RAFOS Floats: Defining and Targeting Surfaces of Neutral Buoyancy

Dana D. Swift School of Oceanography, University of Washington, Seattle, Washington

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Stephen C. Riser School of Oceanography, University of Washington, Seattle, Washington

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Abstract

For timescales much greater than the local buoyancy period, the buoyant response of a RAFOS float is virtually dictated by its compressibility. As the compressibility of a thermally inert RAFOS float increases from zero, its oceanic equilibrium surface undergoes a smooth continuous deformation starting from an in situ density surface, eventually merging with an isopycnal surface and finally with a neutral surface. Thus there is a continuum of operational modes available to RAFOS floats; each mode is associated with a critical compressibility. Hypothetically, the compressee that transforms an isobaric RAFOS float into an isopycnal float can be modified to make a neutral-surface drifter by altering the critical value of its compressibility. The ballast procedure used to target a float to a prescribed equilibrium surface can be viewed as an accurate (±3%) laboratory measurement of the float's compressibility. For current “isobaric” RAFOS floats, the mean measured compressibility was approximately 2.71×10−6 db−1 (i.e., about 60% that of seawater), which can induce pressure deviations from an isobar as large as 125–175 db in the main thermoclines of the North Pacific and North Atlantic. Errors in ballasting a float yield targeting errors that depend on the float's compressibility and the local density stratification of the ocean. For isobaric floats deployed to 1000 db in the North Pacific Ocean, the targeting errors are approximately 23 db per gram of ballast error. By optimizing the ballast procedure, the ballast errors (and hence the targeting errors) can be minimized. For 59 shallow (1000 db) floats to which the optimized procedure was applied, preliminary estimates of the mean and maximum targeting errors are 25 and 50 db.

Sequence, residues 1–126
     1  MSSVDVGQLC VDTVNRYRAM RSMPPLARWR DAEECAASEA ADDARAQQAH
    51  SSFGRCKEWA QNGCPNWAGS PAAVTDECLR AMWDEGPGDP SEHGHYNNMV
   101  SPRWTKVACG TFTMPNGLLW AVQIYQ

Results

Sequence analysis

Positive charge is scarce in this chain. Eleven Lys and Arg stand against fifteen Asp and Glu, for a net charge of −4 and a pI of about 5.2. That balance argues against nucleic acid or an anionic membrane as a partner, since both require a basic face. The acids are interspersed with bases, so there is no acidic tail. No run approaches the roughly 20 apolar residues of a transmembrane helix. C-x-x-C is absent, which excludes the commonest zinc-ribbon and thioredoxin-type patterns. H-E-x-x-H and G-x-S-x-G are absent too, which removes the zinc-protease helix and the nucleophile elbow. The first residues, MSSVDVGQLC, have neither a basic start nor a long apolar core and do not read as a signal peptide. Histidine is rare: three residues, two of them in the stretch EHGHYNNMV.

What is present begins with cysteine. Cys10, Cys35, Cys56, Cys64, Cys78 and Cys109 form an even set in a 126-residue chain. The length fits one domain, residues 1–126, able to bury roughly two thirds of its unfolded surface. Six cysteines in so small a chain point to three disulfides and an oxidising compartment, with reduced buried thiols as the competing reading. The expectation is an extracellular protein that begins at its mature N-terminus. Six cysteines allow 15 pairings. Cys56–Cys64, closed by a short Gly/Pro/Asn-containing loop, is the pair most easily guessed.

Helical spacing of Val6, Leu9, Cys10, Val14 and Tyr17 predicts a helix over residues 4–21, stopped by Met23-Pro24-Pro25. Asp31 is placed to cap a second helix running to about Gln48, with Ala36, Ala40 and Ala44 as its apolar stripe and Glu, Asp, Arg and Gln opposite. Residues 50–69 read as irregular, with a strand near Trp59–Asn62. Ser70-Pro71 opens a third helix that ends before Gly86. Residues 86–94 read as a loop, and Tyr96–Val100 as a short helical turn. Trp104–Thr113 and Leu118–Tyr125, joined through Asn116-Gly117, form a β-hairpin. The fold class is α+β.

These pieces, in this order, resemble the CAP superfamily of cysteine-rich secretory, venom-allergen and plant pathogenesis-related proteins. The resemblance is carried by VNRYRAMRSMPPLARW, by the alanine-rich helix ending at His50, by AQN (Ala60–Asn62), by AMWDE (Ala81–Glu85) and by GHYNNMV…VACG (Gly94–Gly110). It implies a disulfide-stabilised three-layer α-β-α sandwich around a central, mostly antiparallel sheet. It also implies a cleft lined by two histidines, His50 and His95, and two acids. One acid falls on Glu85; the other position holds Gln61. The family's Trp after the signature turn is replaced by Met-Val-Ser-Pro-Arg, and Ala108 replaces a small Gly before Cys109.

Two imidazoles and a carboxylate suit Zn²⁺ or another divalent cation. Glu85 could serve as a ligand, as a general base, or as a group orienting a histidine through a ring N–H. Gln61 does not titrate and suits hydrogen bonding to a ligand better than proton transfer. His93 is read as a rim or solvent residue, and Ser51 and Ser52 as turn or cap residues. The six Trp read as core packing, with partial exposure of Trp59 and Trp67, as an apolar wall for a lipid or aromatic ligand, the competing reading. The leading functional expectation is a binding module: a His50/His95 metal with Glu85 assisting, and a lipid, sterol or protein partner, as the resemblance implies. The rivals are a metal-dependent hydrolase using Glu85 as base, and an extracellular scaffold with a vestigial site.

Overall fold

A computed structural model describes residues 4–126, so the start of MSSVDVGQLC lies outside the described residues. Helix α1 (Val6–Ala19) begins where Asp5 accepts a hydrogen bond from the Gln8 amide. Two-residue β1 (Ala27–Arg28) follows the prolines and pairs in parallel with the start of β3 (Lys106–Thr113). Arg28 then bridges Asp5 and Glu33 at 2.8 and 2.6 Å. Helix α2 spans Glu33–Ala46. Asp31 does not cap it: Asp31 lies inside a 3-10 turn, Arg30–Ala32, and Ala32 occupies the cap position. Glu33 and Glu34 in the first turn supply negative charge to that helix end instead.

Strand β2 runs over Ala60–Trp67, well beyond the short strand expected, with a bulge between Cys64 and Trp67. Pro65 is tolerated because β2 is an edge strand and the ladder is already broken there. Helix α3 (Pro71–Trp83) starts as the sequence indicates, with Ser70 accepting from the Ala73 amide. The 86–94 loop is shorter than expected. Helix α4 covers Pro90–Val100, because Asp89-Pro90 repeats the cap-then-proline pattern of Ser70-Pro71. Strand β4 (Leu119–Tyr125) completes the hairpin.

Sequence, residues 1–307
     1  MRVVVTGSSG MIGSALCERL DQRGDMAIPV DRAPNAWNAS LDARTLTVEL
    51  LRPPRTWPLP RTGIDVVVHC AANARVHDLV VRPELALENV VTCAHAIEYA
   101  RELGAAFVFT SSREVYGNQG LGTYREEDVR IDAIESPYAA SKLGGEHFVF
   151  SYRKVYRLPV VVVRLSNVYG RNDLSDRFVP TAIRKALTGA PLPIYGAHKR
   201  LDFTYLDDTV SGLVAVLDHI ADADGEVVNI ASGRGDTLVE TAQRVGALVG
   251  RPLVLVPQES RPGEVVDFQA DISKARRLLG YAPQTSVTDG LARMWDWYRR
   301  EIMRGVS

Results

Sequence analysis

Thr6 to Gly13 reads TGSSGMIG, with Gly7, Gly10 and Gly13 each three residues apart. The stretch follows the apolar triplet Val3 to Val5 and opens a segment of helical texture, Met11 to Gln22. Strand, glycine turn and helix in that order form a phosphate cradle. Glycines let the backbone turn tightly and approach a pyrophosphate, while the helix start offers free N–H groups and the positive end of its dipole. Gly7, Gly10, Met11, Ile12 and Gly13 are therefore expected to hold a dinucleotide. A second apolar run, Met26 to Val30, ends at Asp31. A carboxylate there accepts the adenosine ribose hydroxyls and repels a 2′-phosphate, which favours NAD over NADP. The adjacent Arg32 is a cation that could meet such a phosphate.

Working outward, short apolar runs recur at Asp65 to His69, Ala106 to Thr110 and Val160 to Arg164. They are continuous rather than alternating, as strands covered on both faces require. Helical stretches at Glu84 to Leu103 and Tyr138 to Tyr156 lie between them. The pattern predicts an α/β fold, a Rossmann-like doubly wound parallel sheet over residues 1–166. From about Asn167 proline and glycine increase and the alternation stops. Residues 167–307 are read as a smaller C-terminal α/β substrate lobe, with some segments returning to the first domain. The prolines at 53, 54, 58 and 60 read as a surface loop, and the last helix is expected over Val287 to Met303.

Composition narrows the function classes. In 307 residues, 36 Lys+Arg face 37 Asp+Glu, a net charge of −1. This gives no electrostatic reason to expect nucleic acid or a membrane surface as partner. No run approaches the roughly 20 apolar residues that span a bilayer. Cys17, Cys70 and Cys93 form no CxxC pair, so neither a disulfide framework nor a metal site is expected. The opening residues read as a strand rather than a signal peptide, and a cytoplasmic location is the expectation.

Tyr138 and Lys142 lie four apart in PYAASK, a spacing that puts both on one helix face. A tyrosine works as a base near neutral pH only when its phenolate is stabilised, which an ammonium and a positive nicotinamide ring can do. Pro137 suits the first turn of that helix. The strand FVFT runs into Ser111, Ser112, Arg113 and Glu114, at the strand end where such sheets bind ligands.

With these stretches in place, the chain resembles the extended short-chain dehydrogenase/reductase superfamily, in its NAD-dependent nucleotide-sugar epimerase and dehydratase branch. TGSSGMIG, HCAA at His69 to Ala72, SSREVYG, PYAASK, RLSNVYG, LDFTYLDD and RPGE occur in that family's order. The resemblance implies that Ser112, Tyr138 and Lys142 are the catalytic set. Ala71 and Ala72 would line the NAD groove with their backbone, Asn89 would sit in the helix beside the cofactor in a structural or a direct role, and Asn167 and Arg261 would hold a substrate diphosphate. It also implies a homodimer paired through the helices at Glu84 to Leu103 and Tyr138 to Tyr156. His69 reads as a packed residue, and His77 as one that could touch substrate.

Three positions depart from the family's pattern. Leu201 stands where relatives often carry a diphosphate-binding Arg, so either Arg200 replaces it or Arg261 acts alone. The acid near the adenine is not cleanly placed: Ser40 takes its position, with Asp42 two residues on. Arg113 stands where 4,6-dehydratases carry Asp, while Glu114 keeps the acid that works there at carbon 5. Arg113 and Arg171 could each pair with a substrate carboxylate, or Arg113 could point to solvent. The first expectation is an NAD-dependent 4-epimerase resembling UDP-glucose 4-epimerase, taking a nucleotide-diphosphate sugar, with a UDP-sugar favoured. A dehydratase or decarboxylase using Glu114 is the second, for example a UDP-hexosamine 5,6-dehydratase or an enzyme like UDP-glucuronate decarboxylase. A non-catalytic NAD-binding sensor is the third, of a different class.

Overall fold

Abstract

For timescales much greater than the local buoyancy period, the buoyant response of a RAFOS float is virtually dictated by its compressibility. As the compressibility of a thermally inert RAFOS float increases from zero, its oceanic equilibrium surface undergoes a smooth continuous deformation starting from an in situ density surface, eventually merging with an isopycnal surface and finally with a neutral surface. Thus there is a continuum of operational modes available to RAFOS floats; each mode is associated with a critical compressibility. Hypothetically, the compressee that transforms an isobaric RAFOS float into an isopycnal float can be modified to make a neutral-surface drifter by altering the critical value of its compressibility. The ballast procedure used to target a float to a prescribed equilibrium surface can be viewed as an accurate (±3%) laboratory measurement of the float's compressibility. For current “isobaric” RAFOS floats, the mean measured compressibility was approximately 2.71×10−6 db−1 (i.e., about 60% that of seawater), which can induce pressure deviations from an isobar as large as 125–175 db in the main thermoclines of the North Pacific and North Atlantic. Errors in ballasting a float yield targeting errors that depend on the float's compressibility and the local density stratification of the ocean. For isobaric floats deployed to 1000 db in the North Pacific Ocean, the targeting errors are approximately 23 db per gram of ballast error. By optimizing the ballast procedure, the ballast errors (and hence the targeting errors) can be minimized. For 59 shallow (1000 db) floats to which the optimized procedure was applied, preliminary estimates of the mean and maximum targeting errors are 25 and 50 db.

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